|Scientific Name:||Galeus murinus|
|Species Authority:||(Collett, 1904)|
Pristiurus murinus Collett, 1904
|Taxonomic Notes:||This species may have been confused with one other, and possibly two other species, causing uncertainty in some of the literature. Pristiurus jenseni Saemundsson, 1922, is considered a junior synonym of this species. Recent analyses indicate that life-history data collected from specimens of Galeus murinus are incompatible with Saemundsson’s (1922) description of Pristiurus jenseni and data on Galeus murinus, provided in Magnússoni’s (2000) fishery survey. Consequently, two possibilities require investigation: (1) The synonym P. jenseni is a valid species from Iceland, larger than G. murinus, and commonly confused with it and/or (2) G. murinus is in part confused in Magnússon et al. (2000) with a larger species of Apristurus present in Iceland. Molecular phylogenetic analysis of G. murinus was conducted by Iglésias et al. (2005) and Pristiurus jenseni requires critical taxonomic examination.|
|Red List Category & Criteria:||Least Concern ver 3.1|
|Reviewer(s):||Valenti, S.V. & Fowler, S.L. (Shark Red List Authority)|
A relatively small (reaches ~50 cm length) deepwater catshark known from the west coast of Iceland to the Faeroes Channel, and more recently off Scotland and the Hebrides Islands, Ireland, France and Western Sahara, Northwest Africa. Reported on the continental slope at depths of 380–1,250 m. This species may have been confused with one other, and possibly two other species, causing uncertainty in some of the literature and further investigation is required into this species’ taxonomy. It is taken as bycatch by commercial deepwater trawlers operating on the Northeast Atlantic slope and by Spanish and Moroccan experimental fisheries off western Africa. However, this species is small and may be able to escape through the mesh of trawl nets used in the Northeast Atlantic. Galeus murinus may be relatively fecund, like some other small catsharks, and therefore resilient to depletion in fisheries. Furthermore, its relatively wide depth and geographic range probably afford it refuge from fishing pressure in parts of its distribution. Given these factors there is no reason to suspect that this species has declined and it is assessed as Least Concern.
|Range Description:||Northeast Atlantic and eastern central Atlantic: known from the west coast of Iceland to the Faeroes Channel (Compagno et al. 2005) and more recently recorded from Hebrides, Scotland, Ireland, France and Western Sahara, Northwest Africa (Iglésias et al. unpub. data).|
Native:Faroe Islands; France (France (mainland)); Iceland; United Kingdom (Great Britain); Western Sahara
|FAO Marine Fishing Areas:||
Atlantic – eastern central; Atlantic – northeast
|Range Map:||Click here to open the map viewer and explore range.|
|Population:||Apparently common in deepwater on the European slope (S. Iglésias pers. obs. 2007). This species was caught during Scottish Association for Marine Science (SAMS) trawl surveys in the Rockall Trough (Gordon 1999). Between 0.0037 (paired warp) and 0.0008 (single warp) individuals per 1,000 m² were caught at 1,000 m, which made up 0.03% and 0.02% respectively of the total catch of all species. At 1,250 m, 0.0003 (in both paired and single warp) individuals per 1,000 m² were caught, which made up 0.002% and 0.01% respectively (for paired and single warp) of the total catch of all species. This species was not caught in deeper waters than 1,250 m. The mouse catshark was also caught at 1,000 m and 1,250 m in Porcupine Seabight (Gordon 1999). The species is a common species in deep sea along the European slope.|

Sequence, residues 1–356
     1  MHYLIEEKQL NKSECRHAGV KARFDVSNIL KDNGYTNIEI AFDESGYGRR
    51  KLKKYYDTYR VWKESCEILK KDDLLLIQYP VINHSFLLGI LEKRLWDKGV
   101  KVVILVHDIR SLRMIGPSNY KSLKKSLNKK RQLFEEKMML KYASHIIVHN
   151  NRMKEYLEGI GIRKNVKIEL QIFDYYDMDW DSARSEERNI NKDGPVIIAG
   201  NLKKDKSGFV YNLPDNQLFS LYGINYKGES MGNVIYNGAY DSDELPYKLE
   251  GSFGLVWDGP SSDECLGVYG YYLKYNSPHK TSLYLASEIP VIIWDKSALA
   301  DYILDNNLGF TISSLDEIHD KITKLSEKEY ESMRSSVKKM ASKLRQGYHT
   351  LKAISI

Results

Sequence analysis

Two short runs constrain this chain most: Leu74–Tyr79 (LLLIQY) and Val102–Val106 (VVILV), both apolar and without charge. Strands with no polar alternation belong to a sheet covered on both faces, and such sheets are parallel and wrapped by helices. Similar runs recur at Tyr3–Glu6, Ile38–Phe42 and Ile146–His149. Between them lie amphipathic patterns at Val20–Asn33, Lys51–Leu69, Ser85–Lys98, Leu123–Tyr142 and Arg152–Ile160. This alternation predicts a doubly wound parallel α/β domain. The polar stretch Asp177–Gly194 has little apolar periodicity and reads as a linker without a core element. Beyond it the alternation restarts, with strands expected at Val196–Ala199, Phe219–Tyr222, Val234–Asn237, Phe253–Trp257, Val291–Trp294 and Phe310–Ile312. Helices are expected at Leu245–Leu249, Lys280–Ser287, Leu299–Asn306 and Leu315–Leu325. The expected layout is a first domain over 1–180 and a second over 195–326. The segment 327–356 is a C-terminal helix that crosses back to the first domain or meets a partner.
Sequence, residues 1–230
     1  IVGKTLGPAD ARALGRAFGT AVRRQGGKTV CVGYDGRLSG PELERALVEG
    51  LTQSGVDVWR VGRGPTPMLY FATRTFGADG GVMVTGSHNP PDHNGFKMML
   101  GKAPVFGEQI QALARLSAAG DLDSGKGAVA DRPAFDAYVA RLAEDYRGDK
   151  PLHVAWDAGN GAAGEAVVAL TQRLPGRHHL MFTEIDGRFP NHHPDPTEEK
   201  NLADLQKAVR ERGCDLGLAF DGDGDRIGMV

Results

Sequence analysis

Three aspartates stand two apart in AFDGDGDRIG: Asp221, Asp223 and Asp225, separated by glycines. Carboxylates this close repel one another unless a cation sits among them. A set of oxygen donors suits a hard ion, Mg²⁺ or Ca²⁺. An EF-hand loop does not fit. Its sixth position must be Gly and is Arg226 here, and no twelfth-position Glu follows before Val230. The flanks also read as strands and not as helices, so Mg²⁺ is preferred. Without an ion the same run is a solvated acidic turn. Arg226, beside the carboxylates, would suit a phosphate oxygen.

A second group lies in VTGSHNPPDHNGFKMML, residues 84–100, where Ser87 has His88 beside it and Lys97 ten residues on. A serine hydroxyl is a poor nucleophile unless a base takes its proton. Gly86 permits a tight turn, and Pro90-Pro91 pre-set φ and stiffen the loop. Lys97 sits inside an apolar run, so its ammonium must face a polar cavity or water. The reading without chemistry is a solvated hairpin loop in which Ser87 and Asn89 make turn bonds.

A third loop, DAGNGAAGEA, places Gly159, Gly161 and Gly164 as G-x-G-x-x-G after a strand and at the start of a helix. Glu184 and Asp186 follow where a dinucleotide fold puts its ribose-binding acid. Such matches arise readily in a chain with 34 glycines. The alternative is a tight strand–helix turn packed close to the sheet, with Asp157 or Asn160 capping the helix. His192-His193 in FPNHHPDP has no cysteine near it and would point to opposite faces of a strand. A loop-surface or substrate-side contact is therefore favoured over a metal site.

|Habitat and Ecology:||
A bathydemersal deepwater species known from the continental slopes and reported at depths of 380–1,250 m (Compagno et al. 2005). Magnússon et al. (2000) reported it at depths of 656–1,731 m, but the data most probably included another species also, with which G. murinus was confused (see Taxonomy section).
Analysis of 101 specimens collected during fishery surveys on French trawl vessels from 1997–2003, suggests that size at maturity is 41.2 cm for females and 41.6 cm for males (Iglésias et al. unpublished data). Maximum observed size reported by Iglésias et al. (unpub. data) is 49.1 cm TL. Whereas Magnússon et al. (2000) report that the species reaches up to 85 cm, and the holotype of the synonym P. jenseni is reported at 63 cm TL. Taxonomic confusion causes uncertainties in the published life-history data for this species.
Size at birth is unknown but may be ~8-9 cm (TL), based on egg case sizes (Iglésias et al. 2002). Reproduction is oviparous, with a single egg case per oviduct carried at the same time (Iglésias et al. 2002).
This species mainly feeds on shrimps (Pasiphaea multidentata, Sergestes robustus and small unidentified species), crustaceans (Dorhynchus thomsoni), and other fish (Micromesistius poutassou and unidentified species), and unidentified cephalopods (S. Iglésias pers. obs. 2007).
The species is a common bycatch of commercial deepwater trawlers operating on the northeast Atlantic slope. It is a small species and could potentially escape from the meshes of trawls used in northeast Atlantic waters.
Experimental deepwater fisheries have been conducted by Spain and Morocco off western Africa (S. Iglésias pers. obs. 2007).
|Conservation Actions:||No measures in place.|
|Citation:||Iglésias, S. 2009. Galeus murinus. The IUCN Red List of Threatened Species. Version 2014.3. <www.iucnredlist.org>. Downloaded on 27 May 2015.|
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